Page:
India's defence budget likely to have no major changes

Tuesday, 25 February 2003, 08:00 Hrs
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NEW DELHI: India's budget for the next fiscal is unlikely to see major changes in allocations for the armed forces, with experts expecting the government to persist with moves to provide adequate funds for modernising the military arsenal.

The military experts are, however, critical of the finance ministry's perceived failure to formulate a policy for funding the purchase of major weapons systems, the negotiations for which can be spread over several years and cannot be covered by the budget allocation for a single fiscal year.

India allocated 650 billion as the outlay for defence spending in the current year, with almost a third of the amount set aside for "capital expenditure" or the purchase of new weapons and military hardware.

The country's defence spending has grown steadily since Prime Minister Atal Bihari Vajpayee's Bharatiya Janata Party came to power in 1998 promising to beef up the security apparatus to meet external and internal threats.

But as several major deals -- including the purchase of 66 advanced jet trainers from Britain and a refurbished Russian aircraft carrier -- have not fructified despite protracted negotiations, over 50 billion could be surrendered as unspent funds by the defence ministry in this fiscal.

The defence ministry had surrendered over 50 billion in a similar manner during fiscal 2001-02, earning the ire of the armed forces top brass and defence experts.

"The Indian government's defence allocation for budget has never catered for several key parameters -- the current threat perceptions, the position India seeks for itself in the Asian region and achieving self-reliance in indigenous production," said Bharat Verma, editor
of Indian Defence Review, a leading defence publication.

"There has to be a consistency in defence budgets for a period of at least five years, with carrying over of funds that are allocated for capital expenditure," he said.

India's defence spending is currently pegged at about 2.6 percent of GDP, lower than the target of three percent recommended by military planners and experts.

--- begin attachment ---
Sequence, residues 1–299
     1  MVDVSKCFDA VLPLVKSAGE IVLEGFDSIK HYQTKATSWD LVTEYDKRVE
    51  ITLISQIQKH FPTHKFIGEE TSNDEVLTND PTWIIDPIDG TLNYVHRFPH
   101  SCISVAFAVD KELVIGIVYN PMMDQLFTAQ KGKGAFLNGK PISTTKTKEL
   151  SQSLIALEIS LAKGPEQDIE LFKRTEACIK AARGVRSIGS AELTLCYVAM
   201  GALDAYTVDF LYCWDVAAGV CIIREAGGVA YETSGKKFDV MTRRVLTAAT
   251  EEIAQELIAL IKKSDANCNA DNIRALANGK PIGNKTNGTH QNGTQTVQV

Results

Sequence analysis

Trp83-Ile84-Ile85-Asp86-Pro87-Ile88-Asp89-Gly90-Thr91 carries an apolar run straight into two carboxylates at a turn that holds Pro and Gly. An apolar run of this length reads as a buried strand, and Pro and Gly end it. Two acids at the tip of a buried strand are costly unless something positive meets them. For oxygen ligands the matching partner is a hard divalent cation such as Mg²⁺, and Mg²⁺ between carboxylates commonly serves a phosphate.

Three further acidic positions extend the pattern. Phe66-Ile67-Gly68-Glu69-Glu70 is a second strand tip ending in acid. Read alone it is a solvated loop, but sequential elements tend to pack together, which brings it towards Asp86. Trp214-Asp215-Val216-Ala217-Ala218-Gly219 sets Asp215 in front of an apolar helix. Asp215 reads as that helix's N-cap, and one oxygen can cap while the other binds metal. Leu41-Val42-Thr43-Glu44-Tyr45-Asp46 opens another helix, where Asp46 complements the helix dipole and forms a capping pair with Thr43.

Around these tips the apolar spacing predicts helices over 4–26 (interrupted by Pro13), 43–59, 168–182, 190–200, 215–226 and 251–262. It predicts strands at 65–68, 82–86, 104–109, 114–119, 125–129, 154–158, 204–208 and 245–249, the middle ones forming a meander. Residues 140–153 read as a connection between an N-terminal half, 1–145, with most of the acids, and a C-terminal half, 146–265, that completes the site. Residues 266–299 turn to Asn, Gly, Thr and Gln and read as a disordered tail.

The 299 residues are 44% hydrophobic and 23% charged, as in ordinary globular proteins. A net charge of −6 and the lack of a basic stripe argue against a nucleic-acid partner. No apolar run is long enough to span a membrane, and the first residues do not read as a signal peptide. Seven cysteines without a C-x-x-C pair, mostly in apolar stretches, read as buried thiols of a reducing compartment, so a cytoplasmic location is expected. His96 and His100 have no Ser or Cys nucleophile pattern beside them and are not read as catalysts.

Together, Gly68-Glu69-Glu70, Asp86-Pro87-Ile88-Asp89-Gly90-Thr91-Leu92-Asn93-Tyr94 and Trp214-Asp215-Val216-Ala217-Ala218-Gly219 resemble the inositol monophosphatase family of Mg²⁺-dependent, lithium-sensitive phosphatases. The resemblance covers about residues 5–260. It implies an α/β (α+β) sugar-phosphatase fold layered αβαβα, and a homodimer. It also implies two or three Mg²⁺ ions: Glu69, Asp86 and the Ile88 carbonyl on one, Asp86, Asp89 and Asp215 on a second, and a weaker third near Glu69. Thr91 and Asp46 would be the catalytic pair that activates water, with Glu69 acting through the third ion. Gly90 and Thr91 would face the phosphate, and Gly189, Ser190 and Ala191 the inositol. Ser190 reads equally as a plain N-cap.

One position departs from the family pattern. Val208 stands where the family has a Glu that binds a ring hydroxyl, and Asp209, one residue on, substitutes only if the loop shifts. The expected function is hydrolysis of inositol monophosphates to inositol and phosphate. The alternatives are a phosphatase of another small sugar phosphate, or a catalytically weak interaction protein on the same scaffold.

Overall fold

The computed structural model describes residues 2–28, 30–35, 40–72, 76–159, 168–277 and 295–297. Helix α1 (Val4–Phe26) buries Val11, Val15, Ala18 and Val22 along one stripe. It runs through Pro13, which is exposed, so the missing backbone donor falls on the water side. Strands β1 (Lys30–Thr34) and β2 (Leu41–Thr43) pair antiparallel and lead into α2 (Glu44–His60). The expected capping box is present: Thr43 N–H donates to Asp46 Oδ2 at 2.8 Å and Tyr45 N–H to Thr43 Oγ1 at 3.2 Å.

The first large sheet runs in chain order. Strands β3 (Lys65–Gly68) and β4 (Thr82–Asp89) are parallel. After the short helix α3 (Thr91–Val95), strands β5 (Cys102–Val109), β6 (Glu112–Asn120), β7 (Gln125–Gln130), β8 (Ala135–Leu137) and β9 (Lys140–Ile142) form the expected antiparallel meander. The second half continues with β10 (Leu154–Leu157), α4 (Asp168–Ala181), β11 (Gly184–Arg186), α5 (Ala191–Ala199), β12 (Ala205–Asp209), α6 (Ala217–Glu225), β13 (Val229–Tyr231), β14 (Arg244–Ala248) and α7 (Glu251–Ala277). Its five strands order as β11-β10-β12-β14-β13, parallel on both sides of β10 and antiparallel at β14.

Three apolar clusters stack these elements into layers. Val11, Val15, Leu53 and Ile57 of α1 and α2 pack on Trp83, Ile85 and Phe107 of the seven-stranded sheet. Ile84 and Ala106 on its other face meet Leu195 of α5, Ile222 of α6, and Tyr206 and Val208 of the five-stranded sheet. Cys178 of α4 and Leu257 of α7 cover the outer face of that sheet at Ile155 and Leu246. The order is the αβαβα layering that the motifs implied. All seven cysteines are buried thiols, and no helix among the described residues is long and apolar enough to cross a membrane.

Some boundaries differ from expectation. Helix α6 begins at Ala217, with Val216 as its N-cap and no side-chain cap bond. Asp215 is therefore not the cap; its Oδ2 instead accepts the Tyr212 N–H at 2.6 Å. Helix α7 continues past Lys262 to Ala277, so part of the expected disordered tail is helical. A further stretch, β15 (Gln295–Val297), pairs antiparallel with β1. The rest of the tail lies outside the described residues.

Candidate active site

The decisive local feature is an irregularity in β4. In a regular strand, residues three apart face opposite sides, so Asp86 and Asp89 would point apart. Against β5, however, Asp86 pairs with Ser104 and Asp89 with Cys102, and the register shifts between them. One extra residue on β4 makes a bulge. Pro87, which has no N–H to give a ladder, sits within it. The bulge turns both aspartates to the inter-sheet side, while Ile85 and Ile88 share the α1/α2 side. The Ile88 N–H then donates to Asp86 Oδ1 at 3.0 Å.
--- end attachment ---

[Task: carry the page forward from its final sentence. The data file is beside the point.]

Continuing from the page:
Experts say the allocation for the next fiscal will be on similar lines.

"The finance ministry has indicated that there should be no defence spending till March 31, and the unspent funds should be surrendered to reflect a lower fiscal deficit," said Commodore (retired) Ranjit B. Rai, a leading defence analyst and writer.

"Therefore, major deals like the purchase of the advanced jet trainers, the Admiral Gorshkov aircraft carrier from Russia and Scorpene submarines from France are likely to be cleared only next year," he said.

Rai said he believed that the defence and finance ministries would also take steps to cut "revenue expenditure," or spending on salaries, allowances and pensions that account for almost two-thirds of the defence budget.

"There will be some financial jugglery and modification of pension schemes to cut expenditure."

A military official who spoke on the customary condition of anonymity said there was considerable heartburn within the armed forces at being left out of the loop on deciding on major purchases.

"After powers were delegated for minor purchases, the armed forces took care of all problems related to spares for equipment, which had been a chronic problem. Now there are no shortages," he said.

"But the armed forces have no say in major arms deals. The technical and other negotiations on the Admiral Gorshkov and the jet trainers were completed several years ago, but there has been no movement on the part of the government."

Source: IANS
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